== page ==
Tuesday, February 24, 2015

Best Gay Romance 2015



If you’re a fan of gay romance stories, then Felice Picano’s new anthology for Cleis, Best Gay Romance2015, is well worth the price of admission. Sure, there are a bunch of very short hook-up pieces and a few “WTF” moments, but the best stories in the book are deeply romantic and beautifully written.

“Discodemius,” by Jerry Wheeler, is a real hoot. A present-day twink casts a spell that conjures up a demon. But instead of the Azmodeus, whom he expects, he gets “the unholy terror from the seventies, Discodemius,” wearing a hot pink leisure suit and a “mass of medallions on gold chains that clacked against his scaly chest.”

Be careful what you wish for, right? When Kevin wishes to be “entertained,” he has no idea what he’s getting into. I read this one eagerly, wondering how a time-travel story could have a happy ending, and I was delighted by the twist at the end.

“The Great Masturbator” by Daniel Jaffe is another story that kept me puzzled, about a man who has an out-of-body experience at a circus. It’s a very clever twist on the idea of a romance, as well as full of great little details and very evocative writing.

Michael Thomas Ford
I was also delighted to see one of my favorite romance authors, Michael Thomas Ford, represented in the anthology, and “Reader, I Married Him” did not disappoint. When you get to the end of the story, then go back and look at the story’s title, and you’ll understand how a master works.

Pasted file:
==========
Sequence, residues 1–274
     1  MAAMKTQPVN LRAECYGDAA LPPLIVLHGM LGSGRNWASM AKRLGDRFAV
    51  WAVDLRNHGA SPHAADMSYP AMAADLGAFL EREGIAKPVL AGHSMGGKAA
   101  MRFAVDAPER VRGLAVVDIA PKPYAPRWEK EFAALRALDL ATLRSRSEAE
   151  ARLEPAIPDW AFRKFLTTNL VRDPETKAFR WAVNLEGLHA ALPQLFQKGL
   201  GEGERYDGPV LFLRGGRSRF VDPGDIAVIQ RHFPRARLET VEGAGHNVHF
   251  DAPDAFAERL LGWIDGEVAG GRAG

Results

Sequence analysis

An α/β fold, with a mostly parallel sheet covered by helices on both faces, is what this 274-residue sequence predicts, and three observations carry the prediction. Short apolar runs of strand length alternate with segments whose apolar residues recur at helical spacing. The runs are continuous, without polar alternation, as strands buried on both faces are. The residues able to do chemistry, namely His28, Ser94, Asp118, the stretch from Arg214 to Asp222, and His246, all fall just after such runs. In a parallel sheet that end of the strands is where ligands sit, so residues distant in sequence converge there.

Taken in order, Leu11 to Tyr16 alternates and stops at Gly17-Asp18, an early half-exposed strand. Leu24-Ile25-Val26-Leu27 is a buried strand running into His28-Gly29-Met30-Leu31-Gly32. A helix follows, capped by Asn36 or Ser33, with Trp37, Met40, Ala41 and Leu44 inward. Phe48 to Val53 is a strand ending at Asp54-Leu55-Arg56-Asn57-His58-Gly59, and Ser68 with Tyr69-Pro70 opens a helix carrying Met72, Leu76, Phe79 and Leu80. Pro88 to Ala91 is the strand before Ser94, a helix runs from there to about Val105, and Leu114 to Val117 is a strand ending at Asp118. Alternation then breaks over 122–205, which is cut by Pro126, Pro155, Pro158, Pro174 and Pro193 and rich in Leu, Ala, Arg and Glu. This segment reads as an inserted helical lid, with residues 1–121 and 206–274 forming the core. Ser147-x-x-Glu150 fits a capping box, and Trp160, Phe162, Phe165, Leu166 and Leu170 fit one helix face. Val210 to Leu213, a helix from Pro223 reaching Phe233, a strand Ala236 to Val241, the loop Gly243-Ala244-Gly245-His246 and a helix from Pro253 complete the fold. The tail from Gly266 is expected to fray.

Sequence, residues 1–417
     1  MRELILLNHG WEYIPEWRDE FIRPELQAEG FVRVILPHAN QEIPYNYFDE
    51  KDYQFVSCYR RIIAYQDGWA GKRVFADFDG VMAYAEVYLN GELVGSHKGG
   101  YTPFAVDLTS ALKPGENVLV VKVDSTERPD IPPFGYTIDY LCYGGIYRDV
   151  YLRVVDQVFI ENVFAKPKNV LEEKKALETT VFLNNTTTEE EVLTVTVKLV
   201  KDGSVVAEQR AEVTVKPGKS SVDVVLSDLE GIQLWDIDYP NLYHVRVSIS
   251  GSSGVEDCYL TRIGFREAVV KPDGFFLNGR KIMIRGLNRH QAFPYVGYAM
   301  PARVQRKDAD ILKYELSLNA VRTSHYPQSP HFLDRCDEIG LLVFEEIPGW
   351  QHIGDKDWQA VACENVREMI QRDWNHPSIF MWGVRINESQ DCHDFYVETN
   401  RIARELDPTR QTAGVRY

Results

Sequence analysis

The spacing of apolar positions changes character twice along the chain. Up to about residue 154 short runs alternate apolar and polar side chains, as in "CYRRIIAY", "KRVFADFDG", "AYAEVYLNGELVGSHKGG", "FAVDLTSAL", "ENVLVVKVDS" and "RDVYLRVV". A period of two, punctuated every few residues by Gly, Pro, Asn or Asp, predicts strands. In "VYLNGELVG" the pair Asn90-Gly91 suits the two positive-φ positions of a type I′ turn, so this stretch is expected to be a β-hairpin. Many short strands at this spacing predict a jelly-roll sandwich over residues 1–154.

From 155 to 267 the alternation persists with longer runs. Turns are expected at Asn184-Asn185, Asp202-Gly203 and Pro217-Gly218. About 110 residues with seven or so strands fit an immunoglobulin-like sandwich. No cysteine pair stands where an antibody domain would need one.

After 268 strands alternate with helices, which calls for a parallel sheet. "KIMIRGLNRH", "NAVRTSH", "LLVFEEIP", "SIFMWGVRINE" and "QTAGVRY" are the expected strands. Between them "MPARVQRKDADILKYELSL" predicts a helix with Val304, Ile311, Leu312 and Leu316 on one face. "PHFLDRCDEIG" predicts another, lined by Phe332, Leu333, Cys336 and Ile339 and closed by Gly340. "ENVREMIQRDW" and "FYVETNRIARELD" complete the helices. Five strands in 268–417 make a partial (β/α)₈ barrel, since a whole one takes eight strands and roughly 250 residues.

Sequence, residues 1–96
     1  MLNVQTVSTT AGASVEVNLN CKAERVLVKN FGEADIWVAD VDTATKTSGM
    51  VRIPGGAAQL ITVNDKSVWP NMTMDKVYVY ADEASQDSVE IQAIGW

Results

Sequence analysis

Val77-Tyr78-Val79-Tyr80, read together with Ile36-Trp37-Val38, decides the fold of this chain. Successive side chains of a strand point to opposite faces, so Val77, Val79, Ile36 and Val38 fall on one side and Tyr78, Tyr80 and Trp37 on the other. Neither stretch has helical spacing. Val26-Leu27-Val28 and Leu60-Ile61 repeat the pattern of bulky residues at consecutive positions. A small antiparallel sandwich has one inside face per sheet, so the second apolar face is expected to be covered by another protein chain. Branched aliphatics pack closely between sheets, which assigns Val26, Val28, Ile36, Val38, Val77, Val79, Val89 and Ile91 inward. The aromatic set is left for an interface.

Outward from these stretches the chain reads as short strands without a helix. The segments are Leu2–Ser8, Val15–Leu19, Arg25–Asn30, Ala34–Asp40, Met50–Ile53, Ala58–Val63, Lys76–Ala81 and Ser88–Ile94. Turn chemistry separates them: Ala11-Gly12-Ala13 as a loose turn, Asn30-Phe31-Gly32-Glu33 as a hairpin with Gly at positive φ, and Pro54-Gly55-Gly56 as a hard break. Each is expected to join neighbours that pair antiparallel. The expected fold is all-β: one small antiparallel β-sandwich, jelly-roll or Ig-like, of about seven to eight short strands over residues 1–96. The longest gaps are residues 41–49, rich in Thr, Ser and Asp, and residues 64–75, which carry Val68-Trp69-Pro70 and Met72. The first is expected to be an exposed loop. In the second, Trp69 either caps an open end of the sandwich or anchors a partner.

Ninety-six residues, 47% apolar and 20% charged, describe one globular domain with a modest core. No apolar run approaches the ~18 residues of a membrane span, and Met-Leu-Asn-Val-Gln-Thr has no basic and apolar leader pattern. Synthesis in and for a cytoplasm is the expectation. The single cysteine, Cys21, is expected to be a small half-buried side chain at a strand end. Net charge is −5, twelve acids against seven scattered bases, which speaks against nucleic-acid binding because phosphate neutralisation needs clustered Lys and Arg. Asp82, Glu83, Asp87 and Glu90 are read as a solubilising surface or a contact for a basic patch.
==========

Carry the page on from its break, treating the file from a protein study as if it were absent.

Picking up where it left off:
As an English major myself, I loved the romantic allusion here. Go Charlotte Bronte!

One of the sexiest and most romantic stories is by two women, Erin MacRae and Racheline Maltese, the story of a date that starts out to be a huge screw-up, as Pete tries to remove his wedding ring (his husband has died three years before) in preparation for a big date with Isaac. Olive oil, lube, and Windex make for a sweetly erotic encounter that has the reader rooting for both men.


All in all, this is a can't miss book for fans of the M/M romance genre. And of course, there's another can't miss coming out June 9 from Cleis -- my own Take This Man: Gay Romance Stories

Wednesday, February 11, 2015

Love is Love



Show and Tell


Welcome to the "Love is Love" blog hop. Below my post, you'll find 
an entry link where you can win a Kindle and 42 ebooks! Also 
below you'll find links to the blogs of all the other participants, 
and you can visit each one to enter the contest again.

Remember those childhood days when you’d bring something cool
in to school for “show and tell?” As I got older and began to study
 writing in depth, the phrase shifted to “show, don’t tell.” Instead
 of writing, “Joe was happy,” you should write something that
 showed Joe’s happiness, such as “Joe grinned from ear to ear.”

Oh wait, that’s a cliché. Supposed to avoid those. How about 
“Joe grinned broadly.”

Nope, adverbs are weak. “Joe grinned, showing the perfect teeth 
his parents had paid so much for.”

That’s better, in that it gives some extra piece of information about 
Joe. But it makes him sound pretty young, doesn’t it? Suppose Joe 
is actually in his forties. “Joe grinned, turning his head a bit to the 
side in a way that made his weathered face look boyish and charming.”

Okay, enough with Joe. What does all this have to do with Valentine’s 
Day? Well, I think that it’s important to both “show” and “tell” when it 
comes to the person you love.

My partner and I say “love you” at least six or seven times a day. 
When one of us leaves the house, when we end phone calls, when